“Seasoning a nonstick pan in the same way we would season a cast-iron or carbon-steel pan would be impossible, as the base substances are completely different,” Handal explains. Because Teflon causes anything that it comes in contact with to slide right off, it won’t soak up oil the way that cast iron or carbon steel does. “The whole idea with a nonstick pan is that nothing will stick to it at all, so layers of seasoning would not be possible in nonstick cookware.”
So what should you do before your first use? Give your new pan a quick wash with soap, water, and a gentle sponge, Chayanin Pornsriniyom, chef-instructor of plant-based culinary arts at the ICE, tells SELF. This will help remove any potential contaminants or debris from processing and packaging.
According to Pornsriniyom, there are just a couple of special things you need to keep in mind when cooking to preserve that nonstick surface.
Perhaps most importantly, avoid using metal tools of any kind—whether that’s a steel spatula for flipping meat or steel wool for scrubbing up afterward—and instead stick with rubber or silicone utensils and soft sponges and washing pads, Pornsriniyom says. This is vital because metal can scratch and remove the layer of Teflon. As a result, food will be more likely to stick, and you may inadvertently consume some of the nonstick Teflon compound as it flakes off. (Research remains inconclusive on the potential health implications of PTFEs in cookware, and the US Food and Drug Administration still authorizes these pans for safe use. Keep on reading to find out when it’s a good idea to toss your pan and buy a new one.)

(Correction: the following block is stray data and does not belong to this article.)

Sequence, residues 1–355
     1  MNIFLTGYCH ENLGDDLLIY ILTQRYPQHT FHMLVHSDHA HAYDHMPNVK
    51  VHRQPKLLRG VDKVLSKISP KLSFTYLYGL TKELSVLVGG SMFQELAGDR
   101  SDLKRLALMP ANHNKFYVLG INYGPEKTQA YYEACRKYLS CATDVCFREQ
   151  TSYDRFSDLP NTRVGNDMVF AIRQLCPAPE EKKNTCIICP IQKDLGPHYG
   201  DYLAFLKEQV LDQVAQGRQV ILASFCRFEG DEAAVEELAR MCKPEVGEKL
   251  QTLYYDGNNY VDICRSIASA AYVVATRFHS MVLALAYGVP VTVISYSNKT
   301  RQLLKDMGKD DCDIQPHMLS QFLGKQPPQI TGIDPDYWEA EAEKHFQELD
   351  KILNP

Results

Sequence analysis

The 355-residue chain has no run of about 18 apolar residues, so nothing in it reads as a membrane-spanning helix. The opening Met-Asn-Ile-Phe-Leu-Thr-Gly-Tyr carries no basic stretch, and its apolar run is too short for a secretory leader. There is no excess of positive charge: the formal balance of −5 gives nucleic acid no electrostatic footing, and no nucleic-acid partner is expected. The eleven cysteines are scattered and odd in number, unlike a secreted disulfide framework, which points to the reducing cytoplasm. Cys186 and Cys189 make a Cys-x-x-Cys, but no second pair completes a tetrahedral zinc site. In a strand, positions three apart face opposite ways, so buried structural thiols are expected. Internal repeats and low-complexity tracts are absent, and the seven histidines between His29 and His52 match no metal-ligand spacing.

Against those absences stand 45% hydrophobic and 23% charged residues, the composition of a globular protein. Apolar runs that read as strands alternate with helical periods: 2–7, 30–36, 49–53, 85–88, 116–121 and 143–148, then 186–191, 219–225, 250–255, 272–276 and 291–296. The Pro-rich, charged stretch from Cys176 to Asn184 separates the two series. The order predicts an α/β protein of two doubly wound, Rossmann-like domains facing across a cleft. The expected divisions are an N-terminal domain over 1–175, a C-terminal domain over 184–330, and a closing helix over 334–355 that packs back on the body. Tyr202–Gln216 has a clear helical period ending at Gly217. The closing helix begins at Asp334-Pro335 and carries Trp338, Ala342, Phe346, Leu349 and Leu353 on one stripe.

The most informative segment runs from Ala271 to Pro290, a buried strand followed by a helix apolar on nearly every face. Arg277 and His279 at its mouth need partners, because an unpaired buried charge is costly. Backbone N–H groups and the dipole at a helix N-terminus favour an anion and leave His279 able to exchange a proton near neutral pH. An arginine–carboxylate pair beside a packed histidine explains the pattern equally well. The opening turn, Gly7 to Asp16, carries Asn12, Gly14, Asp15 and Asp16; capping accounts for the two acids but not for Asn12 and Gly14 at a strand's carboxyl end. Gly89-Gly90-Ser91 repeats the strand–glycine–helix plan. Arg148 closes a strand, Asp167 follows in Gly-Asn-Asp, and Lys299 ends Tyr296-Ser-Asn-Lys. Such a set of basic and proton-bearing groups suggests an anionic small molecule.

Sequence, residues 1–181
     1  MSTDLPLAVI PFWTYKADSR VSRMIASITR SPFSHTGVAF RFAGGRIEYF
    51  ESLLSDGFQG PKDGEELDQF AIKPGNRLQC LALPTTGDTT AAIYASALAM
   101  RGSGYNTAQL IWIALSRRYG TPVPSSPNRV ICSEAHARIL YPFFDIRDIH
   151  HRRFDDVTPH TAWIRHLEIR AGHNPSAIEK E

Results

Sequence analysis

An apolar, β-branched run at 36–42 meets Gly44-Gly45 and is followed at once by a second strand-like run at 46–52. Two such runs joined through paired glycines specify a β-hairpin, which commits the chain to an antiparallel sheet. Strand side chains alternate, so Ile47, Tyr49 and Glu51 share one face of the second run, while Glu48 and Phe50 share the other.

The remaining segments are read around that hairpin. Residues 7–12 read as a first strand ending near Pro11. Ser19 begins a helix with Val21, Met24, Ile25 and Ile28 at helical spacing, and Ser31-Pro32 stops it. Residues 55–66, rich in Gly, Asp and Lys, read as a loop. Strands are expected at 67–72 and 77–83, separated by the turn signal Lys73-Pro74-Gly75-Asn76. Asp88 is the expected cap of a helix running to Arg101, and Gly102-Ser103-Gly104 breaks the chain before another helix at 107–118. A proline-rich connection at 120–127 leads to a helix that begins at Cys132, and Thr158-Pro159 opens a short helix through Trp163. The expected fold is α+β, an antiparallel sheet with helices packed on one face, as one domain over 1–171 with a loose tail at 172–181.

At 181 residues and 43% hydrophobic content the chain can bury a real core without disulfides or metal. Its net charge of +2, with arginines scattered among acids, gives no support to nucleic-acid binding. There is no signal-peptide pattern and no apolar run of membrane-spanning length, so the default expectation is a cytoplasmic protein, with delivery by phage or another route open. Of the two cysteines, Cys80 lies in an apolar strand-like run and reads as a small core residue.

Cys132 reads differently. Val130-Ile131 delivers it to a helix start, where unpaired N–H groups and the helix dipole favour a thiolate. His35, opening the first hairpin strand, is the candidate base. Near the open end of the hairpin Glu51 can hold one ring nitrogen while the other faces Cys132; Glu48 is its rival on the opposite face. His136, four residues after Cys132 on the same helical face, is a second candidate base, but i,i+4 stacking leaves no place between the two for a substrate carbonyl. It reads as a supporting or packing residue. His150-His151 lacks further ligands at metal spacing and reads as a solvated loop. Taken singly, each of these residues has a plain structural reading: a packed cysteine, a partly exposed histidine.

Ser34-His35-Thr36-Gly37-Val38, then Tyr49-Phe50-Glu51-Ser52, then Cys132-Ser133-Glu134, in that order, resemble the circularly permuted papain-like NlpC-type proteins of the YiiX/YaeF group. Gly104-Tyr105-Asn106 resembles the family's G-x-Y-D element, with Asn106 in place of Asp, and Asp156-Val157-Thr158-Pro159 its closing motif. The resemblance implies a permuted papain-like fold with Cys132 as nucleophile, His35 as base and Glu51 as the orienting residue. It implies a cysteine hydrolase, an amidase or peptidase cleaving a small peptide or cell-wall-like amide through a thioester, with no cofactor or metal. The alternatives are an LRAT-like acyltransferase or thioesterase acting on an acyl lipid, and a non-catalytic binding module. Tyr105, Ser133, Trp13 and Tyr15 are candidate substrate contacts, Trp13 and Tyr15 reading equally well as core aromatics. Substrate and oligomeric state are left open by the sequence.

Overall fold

While you likely won’t need oil in the pan to prevent your food from sticking, that doesn’t mean you should skip the oil when cooking, says Handal. Using oil can still benefit the flavor and texture of whatever you’re cooking.
“Oils and fats add flavor to food, and also act as heat transfer agents that allow food to brown and cook without scorching,” he explains. “They allow the heat of the pan to transfer to food in an efficient manner.” Using a nonstick pan without oil of any kind, although possible, may make the cooking process take longer and lead to food that’s unevenly cooked.
Finally, for nonstick pan care, medium or medium-high heat is going to be your friend here: Avoid extreme overheating with your nonstick pan. You don’t want to use temperatures higher than 500 degrees Fahrenheit, Pornsriniyom says. That’s because it can cause the release of gasses and chemicals which can degrade a pan’s nonstick qualities, Handal says. In rare cases, this can be harmful.
“This may cause temporary illness in humans, sometimes referred to as polymer fume fever,” Handal says.